Stories from the Road is a collection of stories about my own photographic adventures in South Asia. Sometimes the stories are exciting and sometimes mundane and at times emotional. This section deals with vernacular photography and the way we all experience the photographs we see. What they meant when we took them and what they mean over time.
I have found that when I travel I take photographs of the same things over and over. For example, if you look at my Instagram feed you will notice that I like to photograph bicycles. I am also partial to taking photographs of ceilings. Ceilings in India and other parts of the world are sometimes gloriously decorated. As you know I love architecture, so I am often photographing it. Since many of the monuments in India are UNESCO World Heritage Sites, they are constantly being maintained. Furthermore, because of the 2015 earthquake in Nepal, construction is taking place at many sites around the Kathmandu Valley as well. I have found that while I am at these sites I am drawn to the scaffolding, netting and barriers being used by the construction workers. There is a great variety and I photograph them all.
For this week’s Stories from the Road, I am looking at a photograph I took back in September 2016 at the Taj Mahal. There was working being done on east side of the monument and the scaffolding and netting made a beautiful arrangement. The photograph is structured through many layers and relatively flat. The first layer across the top of the photograph is of blue netting held to the scaffolding by yellow rope. The scaffolding is made of bamboo poles, in the upper right and left hand corners and across the middle there are extra poles laying across the scaffolding. Beyond the scaffolding is the Taj Mahal. What is visible is the largest and main niche of the east side of the monument. In the lower 1/4th of the photograph, the doorway along with the inlay around it is visible. At the top center of the photograph the pointed arch is slightly obscured by the bamboo poles.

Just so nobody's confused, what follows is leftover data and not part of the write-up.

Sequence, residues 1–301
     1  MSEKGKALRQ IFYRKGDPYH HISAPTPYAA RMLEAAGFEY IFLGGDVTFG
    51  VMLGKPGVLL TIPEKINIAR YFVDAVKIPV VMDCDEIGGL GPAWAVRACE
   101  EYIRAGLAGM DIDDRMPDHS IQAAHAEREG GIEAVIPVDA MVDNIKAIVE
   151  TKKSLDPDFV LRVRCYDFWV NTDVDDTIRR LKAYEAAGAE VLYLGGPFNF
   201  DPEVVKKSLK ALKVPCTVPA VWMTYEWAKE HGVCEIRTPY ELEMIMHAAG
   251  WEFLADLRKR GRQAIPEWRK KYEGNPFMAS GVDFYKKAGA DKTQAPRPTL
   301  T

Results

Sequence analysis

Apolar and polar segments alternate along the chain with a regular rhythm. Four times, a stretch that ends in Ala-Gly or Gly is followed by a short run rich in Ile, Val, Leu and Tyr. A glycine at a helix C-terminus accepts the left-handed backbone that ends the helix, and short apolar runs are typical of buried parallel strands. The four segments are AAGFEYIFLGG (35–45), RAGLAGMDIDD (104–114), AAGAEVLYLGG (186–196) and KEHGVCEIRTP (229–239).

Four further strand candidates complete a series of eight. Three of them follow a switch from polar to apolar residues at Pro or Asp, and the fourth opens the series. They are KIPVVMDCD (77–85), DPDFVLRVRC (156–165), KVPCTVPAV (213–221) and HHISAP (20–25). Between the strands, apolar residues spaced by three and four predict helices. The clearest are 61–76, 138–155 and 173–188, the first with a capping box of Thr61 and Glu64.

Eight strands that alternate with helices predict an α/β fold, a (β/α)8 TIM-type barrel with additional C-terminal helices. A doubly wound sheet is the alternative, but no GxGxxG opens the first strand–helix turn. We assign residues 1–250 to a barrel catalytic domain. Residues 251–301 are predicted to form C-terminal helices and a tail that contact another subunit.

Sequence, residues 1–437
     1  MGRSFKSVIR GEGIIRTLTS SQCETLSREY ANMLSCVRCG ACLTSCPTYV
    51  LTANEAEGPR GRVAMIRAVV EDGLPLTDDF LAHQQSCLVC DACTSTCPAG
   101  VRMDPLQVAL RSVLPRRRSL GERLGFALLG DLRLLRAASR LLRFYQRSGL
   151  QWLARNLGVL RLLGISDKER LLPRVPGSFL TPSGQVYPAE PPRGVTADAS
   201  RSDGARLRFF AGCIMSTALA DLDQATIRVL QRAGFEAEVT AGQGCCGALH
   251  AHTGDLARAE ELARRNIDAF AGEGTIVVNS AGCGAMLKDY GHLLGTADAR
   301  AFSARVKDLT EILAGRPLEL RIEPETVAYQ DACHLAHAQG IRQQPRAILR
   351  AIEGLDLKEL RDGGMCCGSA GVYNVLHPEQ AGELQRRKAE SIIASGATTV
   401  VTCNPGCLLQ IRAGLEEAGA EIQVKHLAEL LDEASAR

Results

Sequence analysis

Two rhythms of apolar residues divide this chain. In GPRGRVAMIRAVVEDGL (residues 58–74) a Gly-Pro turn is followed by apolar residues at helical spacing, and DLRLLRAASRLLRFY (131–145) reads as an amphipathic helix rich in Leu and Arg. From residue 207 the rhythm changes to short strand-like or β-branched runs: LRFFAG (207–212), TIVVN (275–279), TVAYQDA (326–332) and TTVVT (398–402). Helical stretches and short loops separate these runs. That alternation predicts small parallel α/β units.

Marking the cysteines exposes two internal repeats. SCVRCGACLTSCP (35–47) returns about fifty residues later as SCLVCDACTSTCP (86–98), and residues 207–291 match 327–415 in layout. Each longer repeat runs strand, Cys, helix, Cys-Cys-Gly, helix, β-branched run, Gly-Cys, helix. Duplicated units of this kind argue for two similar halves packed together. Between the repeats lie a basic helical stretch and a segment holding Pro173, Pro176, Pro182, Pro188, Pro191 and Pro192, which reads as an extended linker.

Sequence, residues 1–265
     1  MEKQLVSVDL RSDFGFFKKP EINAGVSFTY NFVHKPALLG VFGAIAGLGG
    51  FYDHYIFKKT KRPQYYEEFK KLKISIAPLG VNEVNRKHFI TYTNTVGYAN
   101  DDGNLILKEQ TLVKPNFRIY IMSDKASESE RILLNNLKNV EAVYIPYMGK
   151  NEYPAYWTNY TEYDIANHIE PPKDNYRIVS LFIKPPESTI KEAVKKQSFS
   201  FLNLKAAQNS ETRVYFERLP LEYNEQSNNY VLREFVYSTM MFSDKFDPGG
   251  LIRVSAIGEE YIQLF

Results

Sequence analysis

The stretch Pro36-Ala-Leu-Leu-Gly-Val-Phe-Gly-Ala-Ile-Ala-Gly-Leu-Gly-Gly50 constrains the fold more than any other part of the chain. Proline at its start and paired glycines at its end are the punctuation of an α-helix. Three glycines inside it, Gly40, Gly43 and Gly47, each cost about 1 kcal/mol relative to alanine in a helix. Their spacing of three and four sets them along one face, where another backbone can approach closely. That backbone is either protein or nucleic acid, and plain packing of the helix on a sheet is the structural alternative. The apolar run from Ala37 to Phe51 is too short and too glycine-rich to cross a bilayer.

The netting and scaffolding make an interesting obstruction of the Taj Mahal. When visiting monuments like the Taj we often want pristine, classic views of the subject; however, the obstruction caused by the netting and scaffolding points to the fact that as a temporary spectator of the Taj Mahal we can never fully know her. I find the cluttered nature of the photograph and its visual challenges more interesting than a straight view of the Taj. I had seen and collected so many photograph of the Taj before I ever saw her that I know what she looks like. This obstructed view gives me new insight into her life as the most recognized building in the world.
As a tourist I adore photographing the architectural monuments of South Asia and beyond. Many of them are depicted the same way in every book, but you can find some variation with other’s snapshots online. I love shooting as many views as possible because when I return home and examine my work, the photographs give me time to consider details I had never noticed or new viewpoints I have never explored. Plus there is a beauty in the work, the work of maintaining the monument and the beauty of the temporary objects used to maintain them. This is why I make snapshotty street photograph, to be able to continue to see things in a new way.